Against the above backdrop, what happened in this country in recent years is tragic. While it is obvious that private media institutions had their own biases emanating from the interests of their owners, state affiliated media institutions became the mouth pieces of the regime in power and it’s apologists.

There was hardly any space for independent views and opinions. Some of us who have consistently maintained an independent and critical position on important societal issues were completely left out by these institutions over the last ten years.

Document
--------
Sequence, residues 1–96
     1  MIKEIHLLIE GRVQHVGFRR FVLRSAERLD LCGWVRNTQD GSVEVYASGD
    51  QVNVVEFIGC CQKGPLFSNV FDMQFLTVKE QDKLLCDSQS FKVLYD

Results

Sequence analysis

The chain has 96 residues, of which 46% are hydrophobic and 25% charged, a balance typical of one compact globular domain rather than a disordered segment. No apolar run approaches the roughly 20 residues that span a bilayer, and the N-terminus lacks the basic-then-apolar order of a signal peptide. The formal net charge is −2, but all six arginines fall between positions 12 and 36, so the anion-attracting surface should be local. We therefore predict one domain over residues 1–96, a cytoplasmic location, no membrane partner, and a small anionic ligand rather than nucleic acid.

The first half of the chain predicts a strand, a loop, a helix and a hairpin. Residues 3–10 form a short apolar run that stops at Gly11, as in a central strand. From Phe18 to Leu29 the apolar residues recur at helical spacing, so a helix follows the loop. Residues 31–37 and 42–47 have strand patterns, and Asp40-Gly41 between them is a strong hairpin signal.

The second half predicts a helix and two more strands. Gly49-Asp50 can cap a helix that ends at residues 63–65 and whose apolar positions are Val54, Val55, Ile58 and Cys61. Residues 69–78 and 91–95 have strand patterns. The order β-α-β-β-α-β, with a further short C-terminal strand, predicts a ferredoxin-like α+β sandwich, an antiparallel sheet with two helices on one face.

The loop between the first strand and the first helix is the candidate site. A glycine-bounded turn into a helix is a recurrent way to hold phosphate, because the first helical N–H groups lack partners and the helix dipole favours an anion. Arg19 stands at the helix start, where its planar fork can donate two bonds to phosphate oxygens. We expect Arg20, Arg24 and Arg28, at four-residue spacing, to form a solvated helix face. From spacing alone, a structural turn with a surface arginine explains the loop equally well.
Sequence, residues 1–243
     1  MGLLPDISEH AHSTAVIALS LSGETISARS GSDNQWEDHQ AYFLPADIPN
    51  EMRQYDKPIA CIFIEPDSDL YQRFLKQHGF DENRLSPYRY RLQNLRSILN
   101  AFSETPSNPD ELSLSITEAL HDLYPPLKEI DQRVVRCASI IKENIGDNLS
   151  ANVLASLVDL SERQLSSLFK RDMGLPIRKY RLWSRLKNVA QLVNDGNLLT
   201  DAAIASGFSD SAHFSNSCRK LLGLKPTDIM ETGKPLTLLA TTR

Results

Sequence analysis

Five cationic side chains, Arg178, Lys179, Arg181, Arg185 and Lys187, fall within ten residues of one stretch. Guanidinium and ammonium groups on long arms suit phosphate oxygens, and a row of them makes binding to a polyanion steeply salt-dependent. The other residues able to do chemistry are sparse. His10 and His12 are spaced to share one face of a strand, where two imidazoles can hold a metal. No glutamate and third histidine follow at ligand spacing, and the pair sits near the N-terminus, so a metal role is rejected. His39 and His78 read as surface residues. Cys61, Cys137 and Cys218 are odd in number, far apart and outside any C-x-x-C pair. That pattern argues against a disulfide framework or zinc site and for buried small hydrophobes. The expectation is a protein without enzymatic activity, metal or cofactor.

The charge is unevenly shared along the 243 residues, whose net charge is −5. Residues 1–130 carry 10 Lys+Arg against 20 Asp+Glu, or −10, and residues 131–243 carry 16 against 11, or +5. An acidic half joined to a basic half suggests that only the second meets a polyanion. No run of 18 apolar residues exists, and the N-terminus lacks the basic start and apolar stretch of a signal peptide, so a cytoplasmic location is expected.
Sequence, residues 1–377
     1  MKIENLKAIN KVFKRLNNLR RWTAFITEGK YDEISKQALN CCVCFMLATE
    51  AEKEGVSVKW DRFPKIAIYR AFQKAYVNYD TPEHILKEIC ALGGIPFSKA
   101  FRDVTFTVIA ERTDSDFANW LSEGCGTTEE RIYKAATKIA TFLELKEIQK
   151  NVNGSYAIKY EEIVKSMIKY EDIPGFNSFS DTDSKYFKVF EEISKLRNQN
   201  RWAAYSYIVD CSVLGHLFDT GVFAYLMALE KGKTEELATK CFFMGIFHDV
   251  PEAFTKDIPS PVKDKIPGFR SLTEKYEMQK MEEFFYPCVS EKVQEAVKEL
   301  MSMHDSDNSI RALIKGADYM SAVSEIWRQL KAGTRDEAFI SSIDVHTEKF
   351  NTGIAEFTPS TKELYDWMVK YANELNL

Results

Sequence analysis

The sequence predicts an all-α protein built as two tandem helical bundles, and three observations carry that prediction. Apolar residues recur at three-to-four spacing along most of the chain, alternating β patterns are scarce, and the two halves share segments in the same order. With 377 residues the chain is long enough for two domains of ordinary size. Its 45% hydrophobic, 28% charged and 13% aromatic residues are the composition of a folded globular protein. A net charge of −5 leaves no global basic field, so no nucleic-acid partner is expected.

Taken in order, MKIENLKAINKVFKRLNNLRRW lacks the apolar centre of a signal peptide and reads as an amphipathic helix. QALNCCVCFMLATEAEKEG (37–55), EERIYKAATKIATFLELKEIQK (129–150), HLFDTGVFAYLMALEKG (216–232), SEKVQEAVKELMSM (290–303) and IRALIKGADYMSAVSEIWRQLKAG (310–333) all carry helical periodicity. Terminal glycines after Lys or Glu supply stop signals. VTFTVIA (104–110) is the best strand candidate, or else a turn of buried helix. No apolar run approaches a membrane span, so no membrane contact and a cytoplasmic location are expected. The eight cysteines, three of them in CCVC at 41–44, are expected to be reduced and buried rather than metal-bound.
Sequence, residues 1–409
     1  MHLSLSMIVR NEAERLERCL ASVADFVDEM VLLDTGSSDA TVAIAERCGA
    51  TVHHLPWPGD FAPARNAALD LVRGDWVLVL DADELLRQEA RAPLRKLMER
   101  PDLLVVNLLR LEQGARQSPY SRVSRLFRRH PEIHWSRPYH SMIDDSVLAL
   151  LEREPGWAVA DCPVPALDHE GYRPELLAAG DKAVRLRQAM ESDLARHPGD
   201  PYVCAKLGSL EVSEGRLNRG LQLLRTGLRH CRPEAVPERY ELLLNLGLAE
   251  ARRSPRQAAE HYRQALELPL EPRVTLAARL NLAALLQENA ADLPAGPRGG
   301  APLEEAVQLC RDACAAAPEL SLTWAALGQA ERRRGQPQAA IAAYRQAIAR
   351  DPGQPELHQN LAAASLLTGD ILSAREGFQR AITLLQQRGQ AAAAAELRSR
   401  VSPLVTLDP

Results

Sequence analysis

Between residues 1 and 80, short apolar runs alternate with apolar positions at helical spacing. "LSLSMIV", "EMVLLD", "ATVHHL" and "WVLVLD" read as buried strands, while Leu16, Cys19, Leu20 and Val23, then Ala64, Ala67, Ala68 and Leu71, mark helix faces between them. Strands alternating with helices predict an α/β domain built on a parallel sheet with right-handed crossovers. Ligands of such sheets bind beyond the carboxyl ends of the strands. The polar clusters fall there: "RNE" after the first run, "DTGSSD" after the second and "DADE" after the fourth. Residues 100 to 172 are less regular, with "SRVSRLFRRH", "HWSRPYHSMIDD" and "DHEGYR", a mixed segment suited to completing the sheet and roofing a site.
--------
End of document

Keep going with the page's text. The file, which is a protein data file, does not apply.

Meanwhile, the hapless masses were continually exposed to partisan monologues presented by the representatives of the regimes and their political stooges.
Against the above background, what is needed today is to engage in a critical discussion as to how we could restore public institutions in all spheres, not just in the areas of education and mass media. It is not a matter of recapturing these institutions by people who are sympathetic to the new regime.

We need to reaffirm the values, principles and standards that should underpin modern public institutions rather than simply get rid of people who undermined them. Otherwise, they will come back and do the same again in the not so distant future.
-Courtesy Daily Mirror